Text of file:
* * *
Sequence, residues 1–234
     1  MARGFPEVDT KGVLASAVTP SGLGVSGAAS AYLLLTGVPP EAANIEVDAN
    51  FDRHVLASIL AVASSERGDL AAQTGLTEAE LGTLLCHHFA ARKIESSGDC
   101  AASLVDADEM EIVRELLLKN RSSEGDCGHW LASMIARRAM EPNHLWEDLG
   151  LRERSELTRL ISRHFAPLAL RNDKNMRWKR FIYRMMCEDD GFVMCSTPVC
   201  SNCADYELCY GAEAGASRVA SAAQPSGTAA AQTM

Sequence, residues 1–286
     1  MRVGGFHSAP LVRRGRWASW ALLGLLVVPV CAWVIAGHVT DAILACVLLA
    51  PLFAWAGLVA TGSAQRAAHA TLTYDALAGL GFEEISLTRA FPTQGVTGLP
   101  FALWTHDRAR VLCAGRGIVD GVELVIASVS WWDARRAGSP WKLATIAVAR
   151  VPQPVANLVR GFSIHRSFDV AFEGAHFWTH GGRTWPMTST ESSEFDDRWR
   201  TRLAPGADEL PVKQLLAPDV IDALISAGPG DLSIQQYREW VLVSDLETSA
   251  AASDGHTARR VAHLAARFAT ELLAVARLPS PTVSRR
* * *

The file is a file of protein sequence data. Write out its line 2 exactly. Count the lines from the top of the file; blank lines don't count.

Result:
     1  MARGFPEVDT KGVLASAVTP SGLGVSGAAS AYLLLTGVPP EAANIEVDAN